Promised Study Averts Trial on Sonar Plans

     SAN FRANCISCO (CN) – A promise by the Navy to better estimate bottlenose dolphin numbers before rolling out a global sonar system will forestall an upcoming trial, a federal judge said.
     Short for Surveillance Towed Array Sensor System Low Frequency Active Sonar, SURTASS would enhance submarine detection during peacetime training missions.
     The National Marine Fisheries Service in 2012 approved the Navy’s five-year plan to deploy 18 deepwater loudspeakers in the Atlantic, Pacific, Indian and Mediterranean Sea – covering between 70 and 75 percent of the world’s oceans.
     This prompted a challenge by the Natural Resources Defense Council, which said that underwater bombardment by the loudspeakers would inevitably disrupt many species that use sound to catch prey, navigate and communicate.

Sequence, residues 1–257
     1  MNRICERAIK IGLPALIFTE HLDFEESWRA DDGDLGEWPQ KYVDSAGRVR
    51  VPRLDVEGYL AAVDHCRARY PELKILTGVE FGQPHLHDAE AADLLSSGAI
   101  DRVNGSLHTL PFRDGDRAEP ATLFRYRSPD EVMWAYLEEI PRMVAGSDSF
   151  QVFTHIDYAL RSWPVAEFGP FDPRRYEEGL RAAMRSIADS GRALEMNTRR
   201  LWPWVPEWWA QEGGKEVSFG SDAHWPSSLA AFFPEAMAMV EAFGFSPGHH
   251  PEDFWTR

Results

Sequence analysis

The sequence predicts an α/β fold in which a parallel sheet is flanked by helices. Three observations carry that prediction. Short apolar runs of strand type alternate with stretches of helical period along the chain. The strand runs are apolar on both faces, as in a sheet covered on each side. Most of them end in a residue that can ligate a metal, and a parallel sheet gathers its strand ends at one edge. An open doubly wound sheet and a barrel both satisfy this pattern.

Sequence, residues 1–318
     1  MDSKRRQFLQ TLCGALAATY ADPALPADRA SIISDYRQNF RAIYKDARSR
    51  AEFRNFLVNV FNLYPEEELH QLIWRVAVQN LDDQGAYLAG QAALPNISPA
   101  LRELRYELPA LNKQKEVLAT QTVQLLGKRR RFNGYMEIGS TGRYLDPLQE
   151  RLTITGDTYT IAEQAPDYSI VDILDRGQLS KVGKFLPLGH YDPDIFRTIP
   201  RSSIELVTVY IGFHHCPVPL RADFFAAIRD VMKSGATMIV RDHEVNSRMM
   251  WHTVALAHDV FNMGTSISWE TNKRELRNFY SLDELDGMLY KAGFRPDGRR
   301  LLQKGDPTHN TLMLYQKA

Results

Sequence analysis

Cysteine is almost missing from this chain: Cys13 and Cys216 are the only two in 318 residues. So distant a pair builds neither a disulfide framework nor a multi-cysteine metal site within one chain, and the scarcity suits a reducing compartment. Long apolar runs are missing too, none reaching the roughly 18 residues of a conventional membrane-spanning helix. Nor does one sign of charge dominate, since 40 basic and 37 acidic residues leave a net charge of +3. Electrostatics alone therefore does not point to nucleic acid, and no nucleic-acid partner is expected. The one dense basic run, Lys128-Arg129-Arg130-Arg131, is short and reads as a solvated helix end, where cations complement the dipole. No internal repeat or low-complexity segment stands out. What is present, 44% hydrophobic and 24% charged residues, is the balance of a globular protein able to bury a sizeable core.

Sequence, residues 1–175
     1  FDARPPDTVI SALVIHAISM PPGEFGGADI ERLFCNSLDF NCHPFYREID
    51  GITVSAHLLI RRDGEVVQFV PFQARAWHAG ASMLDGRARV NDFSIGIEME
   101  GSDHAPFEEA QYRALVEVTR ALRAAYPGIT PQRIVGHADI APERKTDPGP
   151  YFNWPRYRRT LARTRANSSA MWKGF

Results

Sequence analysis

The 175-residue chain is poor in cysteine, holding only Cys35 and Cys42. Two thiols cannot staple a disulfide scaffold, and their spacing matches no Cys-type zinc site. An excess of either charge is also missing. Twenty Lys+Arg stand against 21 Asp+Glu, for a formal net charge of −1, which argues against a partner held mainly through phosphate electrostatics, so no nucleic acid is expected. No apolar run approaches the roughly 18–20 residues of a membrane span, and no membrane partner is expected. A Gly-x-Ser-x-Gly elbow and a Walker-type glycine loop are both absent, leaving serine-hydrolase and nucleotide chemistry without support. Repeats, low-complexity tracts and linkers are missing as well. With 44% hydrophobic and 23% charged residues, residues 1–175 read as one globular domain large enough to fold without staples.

Earlier this year, U.S. District Judge Elizabeth Laporte praised some of the mitigation measures that the plan does incorporate.
     The Navy’s efforts at protecting whales received the bulk of this praise, however, with Laporte complaining about the government’s use of outdated population estimates for bottlenose dolphins living near Hawaii.
     Those numbers showed small stock numbers – and therefore less of an impact by SURTASS – than current figures from a 2012 report would show, she said.
     A conference on potential remedies to this shortfall led the Navy to promise a supplemental environmental impact report by Feb. 15, 2015, and to use the most current population estimates for bottlenose dolphins before authorizing any future five-year deployments of SURTASS loudspeakers.
     Laporte signed off on the agreement and closed the case Thursday, averting a trial that had been scheduled to begin later this year.

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